System.Drawing Line Curve fun

One of my goals after Brent’s DNUG talk was to port my old QuickBasic Line Curve (not sure what other people call them) to C# code. So this evening that’s what I’ve been doing.

My first big thanks is to the Visual Studio team, because VS2005 can open and understand old QuickBasic .BAS files. I’m sure it actually basic of VB.Net, but it colour codes correctly and every thing. This made cut-n-pasting the code so much easier. Previously I’d opened QB and screen scraped it out 19 lines at a time.

An odd side effect of this was that when I had a .BAS file open, and did a Solution Build, the .BAS file would be compiled and it’s errors highlighted, even though it is not in any of my projects. So I keep closing and opening the file. Only with the power of hindsight do I even think of the remotely clever idea I opening it file in a second instance of VS.

So I got the code drawing the pretty graph. In the original I had it animated to appear to scroll, giving a pseudo 3D effect. Which I’d always wanted to use in a game. So I rigged up the MouseWheel event. For quite some time I couldn’t get it to work. I finally wired up MouseClick and then the mouse wheel event would fire after the first click. It appears to be a focus related issue, so I made my panel get Focus() when ever the MouseEnter event fires.

It is working pretty neat I think. The only current bug is the scrolling is done by drawing the four sub-polygon in each polygon, but you can see a tear between polygons as the outer points are not common. This will be my next task to fix.

After that I want to be able to drag the three control points of the graph around. I have some ideas that should be cool for focus of the drag points. So I’m looking forward to battling with those.

Updated 17 Dec 2005: You can download the code from here

Line curve
Line curve, showing gaps

A Sprint through System.Drawing

Just got back from the .Net user group meeting on the System.Drawing namespace. Brent Clark did a good presentation, with plenty of code, examples and a refresher amount of theory.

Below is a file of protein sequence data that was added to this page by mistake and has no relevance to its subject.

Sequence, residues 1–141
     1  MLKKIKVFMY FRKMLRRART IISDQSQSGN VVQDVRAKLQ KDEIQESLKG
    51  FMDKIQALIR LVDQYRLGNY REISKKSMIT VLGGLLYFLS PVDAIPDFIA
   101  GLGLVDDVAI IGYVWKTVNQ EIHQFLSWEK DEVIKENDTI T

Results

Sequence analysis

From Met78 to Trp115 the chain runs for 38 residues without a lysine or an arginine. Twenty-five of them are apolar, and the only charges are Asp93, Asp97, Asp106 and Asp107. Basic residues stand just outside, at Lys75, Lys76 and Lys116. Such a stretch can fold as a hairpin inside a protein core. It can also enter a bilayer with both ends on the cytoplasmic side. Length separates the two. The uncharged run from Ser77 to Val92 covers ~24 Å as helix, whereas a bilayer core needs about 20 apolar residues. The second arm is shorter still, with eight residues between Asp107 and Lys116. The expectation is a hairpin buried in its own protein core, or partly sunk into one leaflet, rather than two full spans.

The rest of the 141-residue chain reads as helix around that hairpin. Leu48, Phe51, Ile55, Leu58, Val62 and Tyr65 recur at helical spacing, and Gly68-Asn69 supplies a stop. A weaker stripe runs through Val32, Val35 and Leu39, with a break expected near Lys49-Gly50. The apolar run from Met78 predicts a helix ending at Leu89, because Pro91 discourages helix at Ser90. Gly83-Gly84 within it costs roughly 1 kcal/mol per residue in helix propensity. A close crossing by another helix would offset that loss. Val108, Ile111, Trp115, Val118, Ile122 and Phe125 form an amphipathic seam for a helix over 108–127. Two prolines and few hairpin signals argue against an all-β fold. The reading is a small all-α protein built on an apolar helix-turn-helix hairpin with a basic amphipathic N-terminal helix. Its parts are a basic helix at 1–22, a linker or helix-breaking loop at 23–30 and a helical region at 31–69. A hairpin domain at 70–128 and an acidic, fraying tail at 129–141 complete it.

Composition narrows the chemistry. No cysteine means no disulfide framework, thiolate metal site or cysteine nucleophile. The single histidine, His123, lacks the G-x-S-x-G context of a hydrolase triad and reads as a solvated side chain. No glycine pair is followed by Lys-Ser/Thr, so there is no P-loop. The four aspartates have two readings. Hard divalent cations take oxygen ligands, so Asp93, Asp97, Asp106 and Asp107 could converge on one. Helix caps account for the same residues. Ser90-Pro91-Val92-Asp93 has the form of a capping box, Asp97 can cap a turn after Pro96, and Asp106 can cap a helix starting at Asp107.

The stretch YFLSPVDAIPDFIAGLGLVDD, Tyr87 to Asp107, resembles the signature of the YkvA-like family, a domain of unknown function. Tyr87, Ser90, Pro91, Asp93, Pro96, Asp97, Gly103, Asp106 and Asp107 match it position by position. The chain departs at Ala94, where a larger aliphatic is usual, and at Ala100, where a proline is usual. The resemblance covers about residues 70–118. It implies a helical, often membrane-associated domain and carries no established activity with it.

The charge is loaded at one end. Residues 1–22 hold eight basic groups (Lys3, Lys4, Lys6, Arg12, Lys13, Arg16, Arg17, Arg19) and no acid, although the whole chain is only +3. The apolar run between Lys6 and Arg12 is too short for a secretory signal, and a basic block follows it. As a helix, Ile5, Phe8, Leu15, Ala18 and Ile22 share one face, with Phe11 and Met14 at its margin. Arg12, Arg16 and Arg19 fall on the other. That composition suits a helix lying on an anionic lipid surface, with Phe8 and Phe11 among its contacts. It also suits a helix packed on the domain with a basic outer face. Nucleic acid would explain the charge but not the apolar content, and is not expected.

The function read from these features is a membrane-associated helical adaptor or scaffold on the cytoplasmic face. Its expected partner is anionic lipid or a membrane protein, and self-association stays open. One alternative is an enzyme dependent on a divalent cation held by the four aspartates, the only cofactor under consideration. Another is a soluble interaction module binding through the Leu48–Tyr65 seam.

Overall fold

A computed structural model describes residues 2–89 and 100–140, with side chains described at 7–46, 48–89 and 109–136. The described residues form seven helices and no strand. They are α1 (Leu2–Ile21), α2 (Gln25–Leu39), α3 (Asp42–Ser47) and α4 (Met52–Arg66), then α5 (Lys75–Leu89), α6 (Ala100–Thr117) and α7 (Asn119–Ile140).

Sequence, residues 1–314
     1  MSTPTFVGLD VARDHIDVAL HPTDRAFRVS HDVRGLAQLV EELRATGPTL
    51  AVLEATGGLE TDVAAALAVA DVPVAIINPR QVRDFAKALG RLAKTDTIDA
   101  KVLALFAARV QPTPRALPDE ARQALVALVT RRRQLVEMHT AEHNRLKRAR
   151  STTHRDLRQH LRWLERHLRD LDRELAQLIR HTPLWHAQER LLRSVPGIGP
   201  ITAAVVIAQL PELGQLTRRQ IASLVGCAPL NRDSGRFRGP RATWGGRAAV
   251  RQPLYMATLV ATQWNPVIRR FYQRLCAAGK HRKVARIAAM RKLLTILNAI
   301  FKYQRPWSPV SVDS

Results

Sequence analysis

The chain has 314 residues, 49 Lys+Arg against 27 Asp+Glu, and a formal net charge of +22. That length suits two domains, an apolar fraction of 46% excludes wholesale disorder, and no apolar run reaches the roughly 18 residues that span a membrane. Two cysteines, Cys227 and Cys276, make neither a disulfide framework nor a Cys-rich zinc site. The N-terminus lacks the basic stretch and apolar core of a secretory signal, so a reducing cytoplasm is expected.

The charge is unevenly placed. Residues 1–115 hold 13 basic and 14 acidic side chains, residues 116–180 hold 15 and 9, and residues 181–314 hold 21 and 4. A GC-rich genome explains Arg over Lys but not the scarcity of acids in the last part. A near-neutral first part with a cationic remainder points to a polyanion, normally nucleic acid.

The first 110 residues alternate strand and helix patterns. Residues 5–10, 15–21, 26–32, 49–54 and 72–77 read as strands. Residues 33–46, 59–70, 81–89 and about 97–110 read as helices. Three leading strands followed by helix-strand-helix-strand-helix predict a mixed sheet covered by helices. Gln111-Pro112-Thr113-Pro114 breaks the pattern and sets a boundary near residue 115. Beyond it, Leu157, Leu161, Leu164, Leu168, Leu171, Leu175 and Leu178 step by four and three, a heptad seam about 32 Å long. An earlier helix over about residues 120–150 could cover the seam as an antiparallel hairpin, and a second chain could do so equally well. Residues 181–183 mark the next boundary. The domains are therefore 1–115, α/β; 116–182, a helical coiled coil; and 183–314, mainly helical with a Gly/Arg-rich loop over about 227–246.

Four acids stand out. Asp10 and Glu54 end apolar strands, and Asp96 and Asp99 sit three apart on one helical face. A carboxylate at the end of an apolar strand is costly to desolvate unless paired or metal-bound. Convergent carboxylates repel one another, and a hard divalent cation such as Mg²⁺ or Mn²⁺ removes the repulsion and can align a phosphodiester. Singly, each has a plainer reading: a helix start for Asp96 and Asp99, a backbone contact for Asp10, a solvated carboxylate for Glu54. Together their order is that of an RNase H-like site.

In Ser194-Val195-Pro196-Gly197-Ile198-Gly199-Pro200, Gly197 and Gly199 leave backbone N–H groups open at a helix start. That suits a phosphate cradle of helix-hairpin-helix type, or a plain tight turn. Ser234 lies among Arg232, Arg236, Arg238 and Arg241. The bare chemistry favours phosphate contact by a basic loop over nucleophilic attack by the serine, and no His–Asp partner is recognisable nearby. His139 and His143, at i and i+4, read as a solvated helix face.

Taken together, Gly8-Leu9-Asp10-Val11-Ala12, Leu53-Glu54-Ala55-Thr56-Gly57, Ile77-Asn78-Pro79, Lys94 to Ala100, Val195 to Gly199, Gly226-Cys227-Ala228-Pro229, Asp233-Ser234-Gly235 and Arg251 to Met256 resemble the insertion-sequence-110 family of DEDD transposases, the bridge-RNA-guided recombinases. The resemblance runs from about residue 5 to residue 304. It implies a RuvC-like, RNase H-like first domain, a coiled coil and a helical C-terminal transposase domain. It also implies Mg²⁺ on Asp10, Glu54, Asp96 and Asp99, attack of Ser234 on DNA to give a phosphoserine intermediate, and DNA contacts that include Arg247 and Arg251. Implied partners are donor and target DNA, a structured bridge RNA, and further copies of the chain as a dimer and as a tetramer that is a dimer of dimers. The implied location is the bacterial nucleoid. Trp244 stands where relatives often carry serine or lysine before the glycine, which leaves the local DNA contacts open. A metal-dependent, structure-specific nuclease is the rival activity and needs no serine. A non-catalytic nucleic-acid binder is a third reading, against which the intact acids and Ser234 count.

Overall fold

He showed how to do custom lists, and drawing on a panels, plus other bits. This is exactly what I have been wondering how to do, so I can now re-code my old Quick Basic, and line algorithms to C#. I’m looking forward to downloading his demo code and having a play.

Reading Visual Basic took a bit to workout how it mapped to C# syntax, but it was not undo-able.

The free pizza was great and Peter gave out some free Magazines at the beginning so I now have an International Developer to read.

SQL Server 2005 Overview

I have just returned from the Christchurch .Net User Group meeting on SQL Sever Overview. Darryl Burling was a good presenter. He had a large deck of slides to present, so it was really a fly by night, taste in the month of what’s coming. I think if this meeting had been before the SQL Reporting Services meeting, that one would have had a larger attendance, as Adam covered most of the tasty bits, but in more detail.

So while the guts of the presentation could have been learnt via other sources, it was nice to have it woven together by a live presenter.

It was a good turn out, and nice to put a few faces to names.

SQL Reporting Services 2005

I went to a .Net User Group meeting last night. It was hosted at SunGard and Adam Cogan was the presenter. He gave a good talk about the features of SQL Reporting Services 2005, with a few side stories while the designer was busy “designing”. The Design tools were very slow at times, but he was running a beta version under virtual PC, so there is room for forgiveness. That mixed with I not sure how much work was been done behind the scenes.

But really what impressed me was how simple it was to click and drop it all together. I really like the Client report building, that feature would come in handy here at work.

All’n’all I really useful piece of software. For new development Business Objects must be packing them selves.

One of the good titbits was Adam explaining how he deploys database applications, and how he thinks it’s the application responsibility to set-up the server correctly. He showed how they laid the files out, and how the application did the checking and loading of .sql and .rpt files.

But the highlight of the evening was wining a free MSDN Polo Shirt.